Court delays mean more jail time for innocent

Sydney Morning Herald
Geesche Jacobsen and Nick Ralston
October 26, 2010
 
More than 1400 adults and children who were never convicted of a crime were imprisoned last year, some for months, and the time people spend behind bars before being cleared by the courts is getting longer.
 
While court delays overall have fallen in most categories, this is not the case for those waiting in jail for their day in court, says a report by the Bureau of Crime Statistics and Research.

”We should be concerned about holding people in custody unnecessarily,” said Julie Stubbs, a law professor at the University of NSW and a spokeswoman for the Crime and Justice Reform Committee. ”We have the presumption of innocence; they should await trial in the community, wherever that is safe to occur.”
The report showed that 205 juveniles who were refused bail last year – more than 11 per cent – were cleared of charges.

Adults awaiting trial in the Supreme Court waited in custody for a median 619 days from the date of the alleged offence until they were cleared.

More than 1200 people in jail who were later acquitted of all charges were dealt with in the Local Court, where the median delay increased from 53 days in 2008 to 79 days last year from the first court appearance until charges were dismissed at a hearing. Others whose charges were dismissed without a hearing spent a median of more than 16 weeks in custody.

The report showed that the state government’s proposed bail reforms did not go far enough, said Professor Stubbs.

The report also showed that last year the proportion of guilty pleas in the Supreme Court rose from 40 per cent to 50.5 per cent.

The number of appeals rose slightly last year compared with 2008. More than 60 per cent of District Court appeals against the severity of a sentence succeeded, but the Crown increased its success rate, with 74 per cent of appeals against the inadequacy of sentences granted, compared with 26 per cent in 2008.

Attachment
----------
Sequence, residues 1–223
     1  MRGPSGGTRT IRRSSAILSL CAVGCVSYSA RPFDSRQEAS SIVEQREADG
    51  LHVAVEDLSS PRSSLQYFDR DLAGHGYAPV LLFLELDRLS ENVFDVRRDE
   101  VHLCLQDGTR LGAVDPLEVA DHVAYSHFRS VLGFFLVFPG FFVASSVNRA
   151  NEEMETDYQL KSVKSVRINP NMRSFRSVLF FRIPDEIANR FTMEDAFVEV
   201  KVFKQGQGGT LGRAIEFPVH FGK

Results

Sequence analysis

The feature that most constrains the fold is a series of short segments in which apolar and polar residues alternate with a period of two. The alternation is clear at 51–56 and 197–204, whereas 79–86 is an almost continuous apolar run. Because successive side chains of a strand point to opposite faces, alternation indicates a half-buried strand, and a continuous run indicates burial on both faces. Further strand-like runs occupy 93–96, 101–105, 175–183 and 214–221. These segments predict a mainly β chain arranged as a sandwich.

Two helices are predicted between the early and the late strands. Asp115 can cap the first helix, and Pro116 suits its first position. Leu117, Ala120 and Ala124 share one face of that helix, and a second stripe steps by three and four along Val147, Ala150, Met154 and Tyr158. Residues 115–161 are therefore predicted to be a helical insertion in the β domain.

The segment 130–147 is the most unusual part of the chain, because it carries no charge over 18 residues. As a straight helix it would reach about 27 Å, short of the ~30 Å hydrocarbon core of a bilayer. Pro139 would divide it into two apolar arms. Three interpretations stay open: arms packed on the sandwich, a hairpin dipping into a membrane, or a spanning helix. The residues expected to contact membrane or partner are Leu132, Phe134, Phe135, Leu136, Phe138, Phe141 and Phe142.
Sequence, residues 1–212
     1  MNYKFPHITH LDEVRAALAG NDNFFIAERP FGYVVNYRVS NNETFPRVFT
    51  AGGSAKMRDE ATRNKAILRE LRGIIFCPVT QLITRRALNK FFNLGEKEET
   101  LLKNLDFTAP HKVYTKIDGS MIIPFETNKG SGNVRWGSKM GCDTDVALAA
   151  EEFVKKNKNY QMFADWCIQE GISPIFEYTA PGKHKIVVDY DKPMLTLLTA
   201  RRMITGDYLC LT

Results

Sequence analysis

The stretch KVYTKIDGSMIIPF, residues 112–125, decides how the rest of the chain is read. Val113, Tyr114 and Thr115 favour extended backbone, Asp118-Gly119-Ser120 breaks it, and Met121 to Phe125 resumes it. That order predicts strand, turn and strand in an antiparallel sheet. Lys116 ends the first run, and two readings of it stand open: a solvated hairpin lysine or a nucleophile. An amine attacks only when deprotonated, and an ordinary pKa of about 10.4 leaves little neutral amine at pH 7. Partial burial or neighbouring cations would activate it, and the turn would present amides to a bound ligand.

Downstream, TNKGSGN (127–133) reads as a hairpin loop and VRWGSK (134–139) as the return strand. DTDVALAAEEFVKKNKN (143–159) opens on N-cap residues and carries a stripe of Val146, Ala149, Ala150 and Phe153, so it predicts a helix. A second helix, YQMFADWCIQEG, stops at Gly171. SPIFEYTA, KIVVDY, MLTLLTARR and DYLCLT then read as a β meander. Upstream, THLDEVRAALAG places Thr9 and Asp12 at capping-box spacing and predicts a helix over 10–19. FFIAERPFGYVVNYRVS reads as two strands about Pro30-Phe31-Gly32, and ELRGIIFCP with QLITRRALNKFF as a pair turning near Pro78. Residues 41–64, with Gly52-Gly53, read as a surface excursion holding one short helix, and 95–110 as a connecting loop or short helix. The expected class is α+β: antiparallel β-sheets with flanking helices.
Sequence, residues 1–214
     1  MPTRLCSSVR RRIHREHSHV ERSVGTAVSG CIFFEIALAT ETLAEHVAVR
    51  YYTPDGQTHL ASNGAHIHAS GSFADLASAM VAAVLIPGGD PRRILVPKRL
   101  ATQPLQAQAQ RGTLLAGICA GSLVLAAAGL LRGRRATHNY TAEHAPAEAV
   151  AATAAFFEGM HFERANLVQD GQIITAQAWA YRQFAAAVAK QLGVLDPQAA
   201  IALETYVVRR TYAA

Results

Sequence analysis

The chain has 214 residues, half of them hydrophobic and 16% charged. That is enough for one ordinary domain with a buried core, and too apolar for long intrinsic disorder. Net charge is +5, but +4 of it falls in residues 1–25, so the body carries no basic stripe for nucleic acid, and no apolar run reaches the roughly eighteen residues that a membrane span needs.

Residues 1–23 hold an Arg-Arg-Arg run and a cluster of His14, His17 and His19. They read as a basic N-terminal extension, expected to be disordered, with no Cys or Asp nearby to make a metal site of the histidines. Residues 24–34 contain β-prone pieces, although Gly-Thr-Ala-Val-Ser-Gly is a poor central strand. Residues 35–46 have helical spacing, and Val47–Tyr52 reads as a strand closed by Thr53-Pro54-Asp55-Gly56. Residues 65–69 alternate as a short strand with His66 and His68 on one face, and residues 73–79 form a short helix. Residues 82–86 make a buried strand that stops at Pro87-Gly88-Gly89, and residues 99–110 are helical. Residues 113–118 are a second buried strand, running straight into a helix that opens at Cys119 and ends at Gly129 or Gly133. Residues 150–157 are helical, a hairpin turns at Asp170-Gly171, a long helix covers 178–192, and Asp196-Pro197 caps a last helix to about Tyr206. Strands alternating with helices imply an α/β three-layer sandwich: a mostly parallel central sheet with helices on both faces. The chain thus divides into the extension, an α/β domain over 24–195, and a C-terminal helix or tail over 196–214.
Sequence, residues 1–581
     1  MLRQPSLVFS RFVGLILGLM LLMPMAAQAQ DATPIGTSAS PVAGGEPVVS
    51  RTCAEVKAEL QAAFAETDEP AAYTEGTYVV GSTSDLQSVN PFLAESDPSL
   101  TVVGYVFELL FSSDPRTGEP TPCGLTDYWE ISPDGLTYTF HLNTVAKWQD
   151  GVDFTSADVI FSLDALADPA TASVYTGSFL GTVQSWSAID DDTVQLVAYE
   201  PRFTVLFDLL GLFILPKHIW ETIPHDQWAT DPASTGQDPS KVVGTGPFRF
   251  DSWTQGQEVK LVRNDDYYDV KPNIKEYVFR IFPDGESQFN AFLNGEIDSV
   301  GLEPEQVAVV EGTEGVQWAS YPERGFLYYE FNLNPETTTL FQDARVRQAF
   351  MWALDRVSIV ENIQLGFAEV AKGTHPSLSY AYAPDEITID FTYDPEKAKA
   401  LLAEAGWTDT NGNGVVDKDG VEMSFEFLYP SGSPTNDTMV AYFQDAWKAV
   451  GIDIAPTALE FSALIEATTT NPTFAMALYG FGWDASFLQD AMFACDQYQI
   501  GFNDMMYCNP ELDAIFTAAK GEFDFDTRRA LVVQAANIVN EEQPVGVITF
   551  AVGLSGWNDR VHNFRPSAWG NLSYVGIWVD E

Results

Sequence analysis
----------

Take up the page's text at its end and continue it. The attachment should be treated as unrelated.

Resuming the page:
The report revealed a 20 per cent increase in the number of non-domestic apprehended violence orders granted by the courts. There were 7885 issued last year, compared with 6587 in 2008. This compares with a 2 per cent increase in domestic AVOs issued over the same period.

The area with the highest proportion of non-domestic AVOs based on population size was in the state’s far west, followed by the north-west.

Emmanuel Apokis, a solicitor at Prime Lawyers, said many personal AVO matters related to disputes between neighbours.

A Mosman mother of two, Kimberley Morrison, had a personal AVO taken out against her in August last year amid allegations she had been stalking an employee of Macquarie Bank.

In turn Ms Morrison, who is fighting the allegations, claimed she was being followed by private investigators hired by the banker and applied to have an AVO taken out against him.

”It’s affected my life greatly,” she said of her AVO. ”I have to keep … away from Martin Place, Sydney, and it’s been hell trying to make up excuses as to why I can’t go into the city. I’m not even allowed in certain sections of Mosman and I live in Mosman.”

She said she would be willing to drop her AVO if the banker was willing to do the same.

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